How to Raise Emotionally Intelligent Children

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Kid and Teacher

As parents, we take on a massive task as soon as our child is born. We want them to be strong and independent, as well as happy. As your child becomes a toddler, your hope that they will gain all of these skills on their own becomes more and more of a pipe dream. Then you realize it’s up to you to teach them the skills they need to be strong, independent, and happy.

When a young child is defiant, we tend to see red. She looks right at you, sticks her chin out, and does the opposite of what you just told her not to. If this is a behavior you are all-too-aware-of, know that it will be all right. Your child’s response is part of a phase that they will grow out of as they mature emotionally.

Just as you teach your kid new words to use in their vocabulary, you can teach them how to understand their emotions, as well as what to do with those feelings. Learning these skills will help your child to become emotionally intelligent. It will also teach you how to be a more understanding parent.

Young Boy

Small children have all sorts of feelings and emotions within their tiny little bodies, and most of the time, no matter what the emotion, it comes out in laughter or anger. The laughter and smiles we love. Other emotions and feelings, such as sadness, frustration, anger, and fear, usually come out looking like anger. Your little person has no way of knowing the difference, and therefore, cannot communicate to you what they need.

Take a Deep Breath

When your child is throwing a tantrum, no matter how big, take a deep breath and try to remember that they aren’t doing it on purpose. They are trying to communicate with you, but they just don’t know how yet. When they are defiant, and you see red, you won’t be able to do anything productive. If you can’t be calm when dealing with their emotions, how will they learn to do the same? Count to twenty if you need to, then move towards solving the problem.

Stay Kind, Compassionate, and Loving

Children have a hard time controlling their emotions. Let them know that you understand they are upset, and tell them that you will help them solve their problem. If you stay calm, most of the time it will help them follow your example. Once they are relaxed enough to hear what you are saying, they will be more open to listening and learning from you.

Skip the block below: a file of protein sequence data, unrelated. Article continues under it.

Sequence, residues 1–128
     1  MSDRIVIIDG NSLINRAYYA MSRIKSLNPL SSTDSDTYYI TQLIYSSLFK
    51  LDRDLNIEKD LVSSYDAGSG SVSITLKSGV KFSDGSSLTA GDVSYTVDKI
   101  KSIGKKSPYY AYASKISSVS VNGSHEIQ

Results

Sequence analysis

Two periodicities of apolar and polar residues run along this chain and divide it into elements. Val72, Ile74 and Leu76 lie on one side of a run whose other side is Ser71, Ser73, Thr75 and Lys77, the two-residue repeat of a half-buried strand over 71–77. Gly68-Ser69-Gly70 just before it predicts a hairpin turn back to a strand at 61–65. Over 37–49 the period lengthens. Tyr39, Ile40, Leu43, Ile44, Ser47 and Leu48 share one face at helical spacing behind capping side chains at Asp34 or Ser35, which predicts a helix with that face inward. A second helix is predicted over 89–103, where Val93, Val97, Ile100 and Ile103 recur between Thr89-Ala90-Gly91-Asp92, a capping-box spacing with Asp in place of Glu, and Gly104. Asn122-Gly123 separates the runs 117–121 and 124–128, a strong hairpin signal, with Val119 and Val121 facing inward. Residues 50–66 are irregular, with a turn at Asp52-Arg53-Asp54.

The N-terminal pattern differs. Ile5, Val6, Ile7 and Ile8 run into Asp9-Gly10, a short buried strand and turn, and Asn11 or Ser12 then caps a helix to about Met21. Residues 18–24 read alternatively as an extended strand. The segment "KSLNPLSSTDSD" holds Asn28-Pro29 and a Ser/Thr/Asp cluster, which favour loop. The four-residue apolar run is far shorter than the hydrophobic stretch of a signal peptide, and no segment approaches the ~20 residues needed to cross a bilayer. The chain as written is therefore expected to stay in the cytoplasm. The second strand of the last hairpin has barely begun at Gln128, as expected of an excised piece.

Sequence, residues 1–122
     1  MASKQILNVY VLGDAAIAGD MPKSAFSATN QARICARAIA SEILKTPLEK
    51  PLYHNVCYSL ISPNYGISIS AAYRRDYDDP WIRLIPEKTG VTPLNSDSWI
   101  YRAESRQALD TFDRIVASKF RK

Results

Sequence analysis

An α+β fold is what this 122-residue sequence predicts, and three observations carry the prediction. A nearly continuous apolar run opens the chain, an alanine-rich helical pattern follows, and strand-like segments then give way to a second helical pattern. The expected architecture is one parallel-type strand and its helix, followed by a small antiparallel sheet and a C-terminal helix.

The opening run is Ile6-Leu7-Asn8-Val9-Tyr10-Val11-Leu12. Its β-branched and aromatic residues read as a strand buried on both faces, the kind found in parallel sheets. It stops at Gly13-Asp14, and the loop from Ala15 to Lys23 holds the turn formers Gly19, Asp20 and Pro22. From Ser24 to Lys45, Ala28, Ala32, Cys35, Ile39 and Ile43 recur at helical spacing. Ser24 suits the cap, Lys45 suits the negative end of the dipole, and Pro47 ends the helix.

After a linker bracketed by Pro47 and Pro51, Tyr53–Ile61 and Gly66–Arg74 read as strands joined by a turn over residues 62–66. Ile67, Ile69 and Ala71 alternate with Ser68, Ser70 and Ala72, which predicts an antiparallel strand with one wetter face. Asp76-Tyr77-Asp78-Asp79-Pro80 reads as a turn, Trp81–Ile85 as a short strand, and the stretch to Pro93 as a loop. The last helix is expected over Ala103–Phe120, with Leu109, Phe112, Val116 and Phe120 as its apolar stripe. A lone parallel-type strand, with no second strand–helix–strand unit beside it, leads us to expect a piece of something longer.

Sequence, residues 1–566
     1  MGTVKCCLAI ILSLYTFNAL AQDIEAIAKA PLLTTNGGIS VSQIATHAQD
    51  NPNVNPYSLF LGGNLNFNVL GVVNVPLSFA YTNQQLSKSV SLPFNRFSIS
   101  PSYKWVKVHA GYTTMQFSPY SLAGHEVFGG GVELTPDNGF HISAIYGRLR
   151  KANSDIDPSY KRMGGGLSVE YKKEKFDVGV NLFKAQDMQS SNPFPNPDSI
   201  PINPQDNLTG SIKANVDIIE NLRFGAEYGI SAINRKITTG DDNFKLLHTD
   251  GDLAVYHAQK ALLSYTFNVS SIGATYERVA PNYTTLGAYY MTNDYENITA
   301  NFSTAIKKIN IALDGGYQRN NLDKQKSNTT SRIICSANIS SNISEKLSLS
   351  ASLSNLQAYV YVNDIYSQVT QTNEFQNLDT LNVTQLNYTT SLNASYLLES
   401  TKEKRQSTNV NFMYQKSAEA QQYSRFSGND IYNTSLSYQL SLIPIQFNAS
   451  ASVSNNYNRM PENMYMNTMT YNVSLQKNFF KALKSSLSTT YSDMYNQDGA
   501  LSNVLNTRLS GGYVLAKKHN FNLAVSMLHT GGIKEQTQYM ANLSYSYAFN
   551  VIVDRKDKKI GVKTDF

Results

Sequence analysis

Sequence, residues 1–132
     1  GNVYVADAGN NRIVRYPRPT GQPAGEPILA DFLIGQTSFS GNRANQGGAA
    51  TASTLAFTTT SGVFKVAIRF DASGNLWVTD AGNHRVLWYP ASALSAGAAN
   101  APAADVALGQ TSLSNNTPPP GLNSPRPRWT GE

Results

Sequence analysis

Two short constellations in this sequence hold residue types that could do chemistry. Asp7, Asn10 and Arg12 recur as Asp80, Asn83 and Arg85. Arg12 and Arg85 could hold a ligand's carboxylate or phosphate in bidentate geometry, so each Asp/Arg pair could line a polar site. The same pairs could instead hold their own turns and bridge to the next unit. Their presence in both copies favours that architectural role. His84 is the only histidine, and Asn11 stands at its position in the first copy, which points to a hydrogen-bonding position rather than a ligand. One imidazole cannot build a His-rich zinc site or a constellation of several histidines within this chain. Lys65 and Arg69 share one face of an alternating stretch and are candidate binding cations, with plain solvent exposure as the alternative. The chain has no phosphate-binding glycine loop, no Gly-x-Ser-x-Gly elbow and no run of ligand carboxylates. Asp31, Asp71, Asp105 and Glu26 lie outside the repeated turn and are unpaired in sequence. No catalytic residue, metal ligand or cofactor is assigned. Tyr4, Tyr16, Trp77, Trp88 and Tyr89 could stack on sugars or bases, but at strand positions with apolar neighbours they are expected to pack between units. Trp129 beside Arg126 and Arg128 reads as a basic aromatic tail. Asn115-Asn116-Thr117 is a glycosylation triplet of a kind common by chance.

Don’t scold your child for being emotional. Remember, they can’t help it, and they need you to teach them. If you send them to time-out or dismiss their feelings as unimportant, they will never learn to deal with those emotions, and you’ll see them pass that on to their children.

Mother

Help Your Child Label Their Emotions

Try saying something like, “You seem very angry right now. Is it because Ethan took your dolly?” or “You seem sad. How can I help you feel better?” Using similar phrases and vocabulary each time will teach your child to understand their emotions, and then they will have those phrases and words to use next time instead of screaming or throwing something. Once your child can adequately recognize their feelings and give a label to them, they will get better at regulating themselves without being overwhelmed.

Teach Your Child How to Problem-Solve

When your toddler gets into a conflict with another child, guide them to a solution. Try something like, “I know that you are upset that your cousin took your toy, but you can’t push her down. What else can you do when you get mad?” If she doesn’t have any ideas, give her options.

There are many choices, and you only need to find what works for your child. You can have them check their tummy, fists, or jaw to see if they are tight, then show them how to take deep breaths to calm down. Tell them that will help let all the anger out. You can also have them count to a number while they breathe. Show them how good it feels to have control over their emotions.

Set a Good Example

Setting a positive example for your children is essential. In doing all of this research, it has come to my attention that I never learned emotional management from my parents. I know this because I react the same way they do. When I get upset, I blow up and then have to apologize. As soon as I saw my daughter doing the same, I realized what was happening and prayed to the internet gods to help me find a solution.

Woman & Child

I found that solution in a PBS show called Daniel Tiger’s Neighborhood. This show has saved my life in regards to teaching my daughter how to deal with her emotions. Daniel Tiger and his friends are just like any other toddlers and tend to be slightly whiny and explosive.

What I learned from the show itself is how the parents work with Daniel and his friends to understand and control their emotions. The adults in the show are always calm, they acknowledge the children’s feelings, and then help them solve the problem with either a song or a phrase.

Episodes show multiple scenarios where Daniel has a problem but doesn’t know how to express his feelings. I would recommend this show, as well as Daniel Tiger Grr-ific Feelings, and Daniel Tiger for Parents app for any parent who needs help on this journey. If you don’t want your child to have screen time, the parent app can be on your phone and your child never even needs to know about it.

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